While the Times is not as aggressive as it was, and no one expects anything from the Post, the most egregious offender in this reporter's opinion has been the Daily News, the one-time "honest voice of New York," as it called itself.

Back in 1999, the News, spurred on by its counsel Eve Burton and its then managing editor Art Browne, persuaded a coalition of media executives at the Times, Newsday and the AP to prepare a federal lawsuit against Mayor Rudy Giuliani's violation of his own internal regulations that allowed reporters and photographers to cover public events without police interference.
Since then the News has undergone a sea change.

In 2009, when a sergeant in the department's Public Information Office cursed and threatened a Daily News police reporter, the News said and did nothing.

In 2011, after eight cops were indicted for gun-running, the News pooh-poohed their crimes. "Not to minimize their alleged offenses," it editorialized, "but it must be noted that the stated crimes did not involve abuse of the badge or misuse of power. "

When one of its own reporters was arrested while covering an Occupy Wall Street demonstration, a News editorial backed the police and maintained the reporter would have a good story to tell his grandchildren.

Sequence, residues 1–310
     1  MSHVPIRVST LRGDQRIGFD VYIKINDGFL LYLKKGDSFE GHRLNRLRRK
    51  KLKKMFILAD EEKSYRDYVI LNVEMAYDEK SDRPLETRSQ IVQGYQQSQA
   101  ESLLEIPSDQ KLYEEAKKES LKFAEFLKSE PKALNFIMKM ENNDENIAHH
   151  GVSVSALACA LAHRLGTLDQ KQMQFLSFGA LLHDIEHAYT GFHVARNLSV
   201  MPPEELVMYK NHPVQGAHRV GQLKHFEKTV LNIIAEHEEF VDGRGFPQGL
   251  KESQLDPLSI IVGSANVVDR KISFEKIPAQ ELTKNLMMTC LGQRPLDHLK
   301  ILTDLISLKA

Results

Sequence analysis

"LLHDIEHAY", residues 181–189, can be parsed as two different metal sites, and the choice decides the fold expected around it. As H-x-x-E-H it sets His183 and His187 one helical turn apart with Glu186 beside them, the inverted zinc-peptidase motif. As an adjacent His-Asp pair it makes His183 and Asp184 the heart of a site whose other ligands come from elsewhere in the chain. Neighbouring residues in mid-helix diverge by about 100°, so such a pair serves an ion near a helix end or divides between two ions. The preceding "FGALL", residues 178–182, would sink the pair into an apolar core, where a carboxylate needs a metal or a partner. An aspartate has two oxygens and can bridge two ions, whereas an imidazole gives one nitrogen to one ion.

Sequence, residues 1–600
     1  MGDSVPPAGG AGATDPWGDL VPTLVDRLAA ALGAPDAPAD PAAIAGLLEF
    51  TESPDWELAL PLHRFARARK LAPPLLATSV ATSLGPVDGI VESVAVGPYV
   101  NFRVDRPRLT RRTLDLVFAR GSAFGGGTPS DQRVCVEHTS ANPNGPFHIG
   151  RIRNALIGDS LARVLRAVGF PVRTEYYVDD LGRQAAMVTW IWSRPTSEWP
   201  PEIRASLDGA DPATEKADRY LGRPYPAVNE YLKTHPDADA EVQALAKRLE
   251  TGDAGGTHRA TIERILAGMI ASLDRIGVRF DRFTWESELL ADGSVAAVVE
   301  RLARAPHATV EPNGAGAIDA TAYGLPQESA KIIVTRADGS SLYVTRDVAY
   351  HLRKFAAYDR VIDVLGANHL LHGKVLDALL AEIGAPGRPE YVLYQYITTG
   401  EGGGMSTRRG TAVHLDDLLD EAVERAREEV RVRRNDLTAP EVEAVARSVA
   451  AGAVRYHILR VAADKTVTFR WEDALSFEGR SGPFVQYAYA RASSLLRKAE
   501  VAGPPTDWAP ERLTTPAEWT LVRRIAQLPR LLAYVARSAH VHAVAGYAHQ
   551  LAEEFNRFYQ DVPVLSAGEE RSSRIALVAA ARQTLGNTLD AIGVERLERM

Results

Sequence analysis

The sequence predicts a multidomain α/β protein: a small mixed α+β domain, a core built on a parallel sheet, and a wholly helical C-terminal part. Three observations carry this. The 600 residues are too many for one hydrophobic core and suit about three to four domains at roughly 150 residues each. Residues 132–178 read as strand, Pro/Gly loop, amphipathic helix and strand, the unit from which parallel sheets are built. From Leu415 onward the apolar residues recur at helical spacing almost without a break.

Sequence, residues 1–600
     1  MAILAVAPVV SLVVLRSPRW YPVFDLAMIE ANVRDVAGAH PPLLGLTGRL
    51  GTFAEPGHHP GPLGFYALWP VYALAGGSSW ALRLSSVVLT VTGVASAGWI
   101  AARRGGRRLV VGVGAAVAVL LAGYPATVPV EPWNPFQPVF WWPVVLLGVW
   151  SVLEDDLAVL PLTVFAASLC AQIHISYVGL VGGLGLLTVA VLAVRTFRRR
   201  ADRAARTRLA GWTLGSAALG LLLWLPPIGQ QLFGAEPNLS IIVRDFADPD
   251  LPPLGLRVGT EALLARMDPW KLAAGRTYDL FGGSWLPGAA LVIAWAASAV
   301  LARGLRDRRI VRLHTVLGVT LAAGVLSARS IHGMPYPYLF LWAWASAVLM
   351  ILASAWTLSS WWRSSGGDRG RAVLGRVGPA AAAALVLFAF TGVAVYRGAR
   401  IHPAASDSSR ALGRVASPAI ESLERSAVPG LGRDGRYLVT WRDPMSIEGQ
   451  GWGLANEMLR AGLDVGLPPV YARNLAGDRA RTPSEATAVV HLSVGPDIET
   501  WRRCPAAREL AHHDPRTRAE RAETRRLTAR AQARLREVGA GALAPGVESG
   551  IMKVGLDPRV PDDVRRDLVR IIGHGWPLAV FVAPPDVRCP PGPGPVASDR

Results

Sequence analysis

Guess who now runs the News' editorial page? The same man who in 1999 was its managing editor.

MORE LIPSTICK ON THE PIG. Here's a summary of the second part of CBS' six-part "48 Hours'' series, called "BROOKLYN DA," which is about the office of Joe Hynes, now running for re-election for a seventh term.

The series has been criticized for prettifying Hynes and his top assistant Michael Vecchione, while obscuring their failings -- in particular, Hynes' continued support of Vecchione despite his having been accused of numerous prosecutorial failings.

According to a press release, sent by CBS' Executive Director of Communications Richard Huff: "The series focuses on an eclectic group of men and women in the Kings County District Attorney's Office and their lives inside and outside of the courtroom.

"The second broadcast takes viewers inside as Deputy District Attorney Ken Taub, chief of the Homicide Division, creates a case against the alleged killer of NYPD officer, Pete Figoski. ... Elsewhere, Mike Vecchione, Chief of the Rackets Division, pursues a doctor whose patient - a former model - died after undergoing liposuction."

No mention of whether the program focuses on Vecchione's life outside the courtroom - in particular his relationship with a former female staffer with whom he traveled to Puerto Rico to question a key witness in the case of Jabbar Collins.

Collins was convicted of murdering Rabbi Abraham Pollack and spent 16 years in prison before a federal judge threw out the conviction, citing Vecchione's prosecutorial misconduct.